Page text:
The introduction of distributed power architecture (DPA) was driven by the following:
A trend towards digital processing blocks with increased power consumption, lower voltages, and specific power sequencing
A broad market introduction of modular, high density, and reliable isolated DC/DC converters at a reasonable cost
A demand for a more flexible, shorter design cycle power distribution systems allowing quick changes and updates
A need for systems with high reliability and availability that supported hot swapping and had lower maintenance costs
3.3. Hybrid Power System
DPA-based systems addressed new power requirements, but the system cost remained relatively high. When the required number of supply voltages per line card exceeded the initial four to five, the excessive number of isolated DC/DC converters was questioned (Narveson, 1996). In this paper there was suggestion to use only one isolated DC/DC converter. This converter provides most power demanding supply voltage in the system and also supplies non-isolated point-of-load (POL) regulators, which provide the remaining supply voltages to electronic blocks. This architecture, commonly called hybrid power system (Figure 5), was the first step towards the IBA. The hybrid power system reduces power distribution costs and allows placing POLs right next to the related load, thus reducing the impact of supply plane parasitics and improving high di/dt transient response. If power sequencing is needed, an additional switch can be added between the isolated converter output and the electronic load (Figure 5).
The hybrid power system is preferable solution when one of the output voltages requires relatively high power. In this case, a single regulated isolated converter improves the efficiency of the whole system when the converter’s output voltage is 3.3 V or higher. With the 3.3-V bus voltage, the hybrid system’s overall output power might be limited to about 200 W. This limit is suggested because high currents circulating through the power and ground planes can cause significant losses and EMI issues as the system power increases.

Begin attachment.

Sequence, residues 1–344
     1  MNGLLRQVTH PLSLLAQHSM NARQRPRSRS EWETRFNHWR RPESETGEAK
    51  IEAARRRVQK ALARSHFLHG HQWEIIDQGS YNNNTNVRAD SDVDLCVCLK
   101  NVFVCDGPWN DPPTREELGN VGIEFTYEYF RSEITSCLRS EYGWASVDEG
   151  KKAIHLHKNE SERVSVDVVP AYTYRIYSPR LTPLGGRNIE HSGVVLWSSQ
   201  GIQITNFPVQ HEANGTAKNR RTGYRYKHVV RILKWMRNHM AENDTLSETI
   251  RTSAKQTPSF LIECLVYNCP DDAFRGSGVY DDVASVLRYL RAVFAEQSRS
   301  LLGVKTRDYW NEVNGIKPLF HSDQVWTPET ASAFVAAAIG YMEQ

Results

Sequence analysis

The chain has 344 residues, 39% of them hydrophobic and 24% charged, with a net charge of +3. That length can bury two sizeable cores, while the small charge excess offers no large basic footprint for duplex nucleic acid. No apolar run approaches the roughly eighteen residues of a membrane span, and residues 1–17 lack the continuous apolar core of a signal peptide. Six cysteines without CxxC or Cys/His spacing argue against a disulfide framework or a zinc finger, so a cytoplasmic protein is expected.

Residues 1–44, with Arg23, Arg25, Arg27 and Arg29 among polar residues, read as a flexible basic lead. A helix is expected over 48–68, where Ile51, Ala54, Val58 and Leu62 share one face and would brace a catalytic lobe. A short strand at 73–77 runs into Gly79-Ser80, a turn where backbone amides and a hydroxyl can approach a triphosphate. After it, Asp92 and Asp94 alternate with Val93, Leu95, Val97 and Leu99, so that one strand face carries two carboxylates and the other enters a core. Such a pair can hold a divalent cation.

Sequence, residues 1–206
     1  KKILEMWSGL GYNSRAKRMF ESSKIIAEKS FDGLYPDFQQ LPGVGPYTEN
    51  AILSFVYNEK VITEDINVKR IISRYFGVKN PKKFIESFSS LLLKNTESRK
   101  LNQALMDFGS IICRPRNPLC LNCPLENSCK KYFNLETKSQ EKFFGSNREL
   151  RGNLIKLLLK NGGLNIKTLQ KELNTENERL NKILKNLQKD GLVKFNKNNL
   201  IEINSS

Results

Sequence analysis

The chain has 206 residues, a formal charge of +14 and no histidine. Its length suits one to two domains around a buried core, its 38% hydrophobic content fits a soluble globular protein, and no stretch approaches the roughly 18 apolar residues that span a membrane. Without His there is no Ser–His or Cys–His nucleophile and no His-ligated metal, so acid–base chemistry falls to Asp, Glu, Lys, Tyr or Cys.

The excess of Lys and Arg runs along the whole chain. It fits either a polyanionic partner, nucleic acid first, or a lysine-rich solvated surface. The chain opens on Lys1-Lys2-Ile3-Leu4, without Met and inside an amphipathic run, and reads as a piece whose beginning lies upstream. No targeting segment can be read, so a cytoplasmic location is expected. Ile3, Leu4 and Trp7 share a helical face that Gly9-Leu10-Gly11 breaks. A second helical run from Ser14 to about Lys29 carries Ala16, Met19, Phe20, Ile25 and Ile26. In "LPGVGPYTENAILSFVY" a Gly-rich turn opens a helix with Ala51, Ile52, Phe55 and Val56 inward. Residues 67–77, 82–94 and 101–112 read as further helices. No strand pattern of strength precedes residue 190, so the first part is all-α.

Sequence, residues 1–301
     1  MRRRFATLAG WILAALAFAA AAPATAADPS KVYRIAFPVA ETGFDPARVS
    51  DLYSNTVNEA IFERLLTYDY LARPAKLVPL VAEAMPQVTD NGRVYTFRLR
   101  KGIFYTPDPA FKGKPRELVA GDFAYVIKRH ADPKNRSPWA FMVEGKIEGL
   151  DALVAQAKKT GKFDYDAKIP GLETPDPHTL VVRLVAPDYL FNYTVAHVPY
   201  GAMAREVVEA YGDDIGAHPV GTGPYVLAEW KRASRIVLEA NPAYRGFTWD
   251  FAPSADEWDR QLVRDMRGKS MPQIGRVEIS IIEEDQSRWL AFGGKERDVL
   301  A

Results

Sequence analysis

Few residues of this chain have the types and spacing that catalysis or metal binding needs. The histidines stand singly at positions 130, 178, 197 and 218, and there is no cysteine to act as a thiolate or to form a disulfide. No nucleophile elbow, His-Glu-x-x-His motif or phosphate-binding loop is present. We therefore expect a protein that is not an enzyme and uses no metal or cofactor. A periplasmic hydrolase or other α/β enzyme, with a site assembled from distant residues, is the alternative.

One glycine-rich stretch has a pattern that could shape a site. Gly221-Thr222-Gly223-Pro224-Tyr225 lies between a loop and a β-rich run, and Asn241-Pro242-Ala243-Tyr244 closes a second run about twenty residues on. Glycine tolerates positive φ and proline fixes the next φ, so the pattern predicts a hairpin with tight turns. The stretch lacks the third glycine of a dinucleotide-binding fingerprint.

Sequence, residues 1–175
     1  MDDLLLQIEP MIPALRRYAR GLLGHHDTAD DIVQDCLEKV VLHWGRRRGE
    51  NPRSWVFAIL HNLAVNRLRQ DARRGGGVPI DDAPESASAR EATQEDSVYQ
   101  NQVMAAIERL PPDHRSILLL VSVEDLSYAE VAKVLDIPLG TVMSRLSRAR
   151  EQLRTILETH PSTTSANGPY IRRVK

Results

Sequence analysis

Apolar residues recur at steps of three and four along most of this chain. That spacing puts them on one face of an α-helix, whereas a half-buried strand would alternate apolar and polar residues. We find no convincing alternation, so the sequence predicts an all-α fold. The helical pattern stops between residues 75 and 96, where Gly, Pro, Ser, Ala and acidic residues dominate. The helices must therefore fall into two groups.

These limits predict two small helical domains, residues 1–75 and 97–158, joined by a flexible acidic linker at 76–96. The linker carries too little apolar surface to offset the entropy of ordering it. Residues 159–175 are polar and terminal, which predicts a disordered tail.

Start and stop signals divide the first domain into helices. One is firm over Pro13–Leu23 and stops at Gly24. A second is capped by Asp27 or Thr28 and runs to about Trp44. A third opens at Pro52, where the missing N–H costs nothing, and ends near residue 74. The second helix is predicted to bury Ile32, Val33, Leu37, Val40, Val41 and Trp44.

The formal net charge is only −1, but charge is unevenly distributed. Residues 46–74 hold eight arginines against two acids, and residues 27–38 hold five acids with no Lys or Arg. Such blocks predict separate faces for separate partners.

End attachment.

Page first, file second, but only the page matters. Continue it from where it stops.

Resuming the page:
3.4. Intermediate Bus Architecture
Driven by digital- and analog-IC industry demands for the low-level supply voltages in the 0.5-V to 3.3-V range and for the low-cost POLs, since early 2000s the market adopted the IBA (Morrison, 2002; White, 2003, Mills, 2004). In many applications, the IBA-based power system includes a front-end AC/DC power supply with a typical output of –48 V, 24 V, 12 V or 130 V. In some data-communication and medical equipment the input DC voltage can be 380 V taken directly from a power factor corrector output (Zhu & Dou, 2006) This voltage is supplied to an input of intermediate bus converter, that provides isolation and conversion to the lower level intermediate bus voltage, typically within 5 to 14 V. This intermediate bus voltage is supplied to non-isolated, POL regulators that provide high quality voltages for a variety of digital and analog electronic functional blocks (Figure 6).